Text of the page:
Dr Helen Pynor is an Artist and Researcher whose practice explores the materiality of human and non-human bodies, and philosophically and experientially ambiguous zones, such as the life-death boundary and the animate-inanimate boundary in relation to prosthetics. Pynor works with living and ‘semi-living’ cells, organs and biomolecules such as DNA, and in a recent work her own surgically excised bone material. She works across installation, media art, photography, video, sculpture, microscopy and performance.
Pynor frequently undertakes in-depth residencies in scientific and clinical institutions such as The Max Planck Institute of Molecular Cell Biology and Genetics, Dresden, and her work has been exhibited widely nationally and internationally including the Experimenta ‘Life Forms’ International Triennial of Media Art, Beijing Media Art Biennale, FACT (Foundation for Art and Creative Technology) UK, National Taiwan Museum of Fine Arts, and ISEA. Pynor has received an Honorary Mention at Prix Ars Electronica in Linz, Austria.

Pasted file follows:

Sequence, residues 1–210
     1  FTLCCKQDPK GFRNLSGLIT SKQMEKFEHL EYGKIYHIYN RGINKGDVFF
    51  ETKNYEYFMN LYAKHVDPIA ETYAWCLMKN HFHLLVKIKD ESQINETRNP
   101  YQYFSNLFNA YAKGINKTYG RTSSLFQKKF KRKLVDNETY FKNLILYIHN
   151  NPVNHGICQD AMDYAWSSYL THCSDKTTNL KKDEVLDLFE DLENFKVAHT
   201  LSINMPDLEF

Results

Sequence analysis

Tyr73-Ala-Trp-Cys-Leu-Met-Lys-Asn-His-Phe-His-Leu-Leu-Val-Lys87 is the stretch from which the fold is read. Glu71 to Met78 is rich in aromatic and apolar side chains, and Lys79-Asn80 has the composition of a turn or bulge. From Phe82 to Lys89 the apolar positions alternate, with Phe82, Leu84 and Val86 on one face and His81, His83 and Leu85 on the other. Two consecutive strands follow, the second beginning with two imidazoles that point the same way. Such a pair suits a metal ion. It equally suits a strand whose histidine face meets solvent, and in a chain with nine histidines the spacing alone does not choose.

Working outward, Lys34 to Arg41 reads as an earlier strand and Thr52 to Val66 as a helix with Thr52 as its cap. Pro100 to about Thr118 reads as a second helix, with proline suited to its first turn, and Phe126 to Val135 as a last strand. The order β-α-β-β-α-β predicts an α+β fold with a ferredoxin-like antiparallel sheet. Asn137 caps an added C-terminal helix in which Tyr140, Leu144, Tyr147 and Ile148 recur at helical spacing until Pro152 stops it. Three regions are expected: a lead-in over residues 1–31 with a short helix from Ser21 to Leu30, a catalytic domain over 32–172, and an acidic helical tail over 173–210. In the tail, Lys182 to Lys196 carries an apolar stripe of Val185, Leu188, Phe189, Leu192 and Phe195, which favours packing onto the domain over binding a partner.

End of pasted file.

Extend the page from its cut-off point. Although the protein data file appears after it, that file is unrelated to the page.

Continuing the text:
Pynor will explore bone and bone china, within a broader exploration of ‘interspecies companionships’ between animal bodies and mineral species, and the animal-calcium kinship that has led to the evolution of bones. Using bone material to make bone china objects brings into dialogue two seemingly incongruent ideas: the ‘animality’ of bone china, and the ‘minerality’ of animals. This offers a metaphoric and deconstructive gesture that reveals underlying structures of material connectivity between living and non-living entities, that are not immediately available to our senary perception. Pynor’s project will also explore native fauna, and forms of listening and paying homage.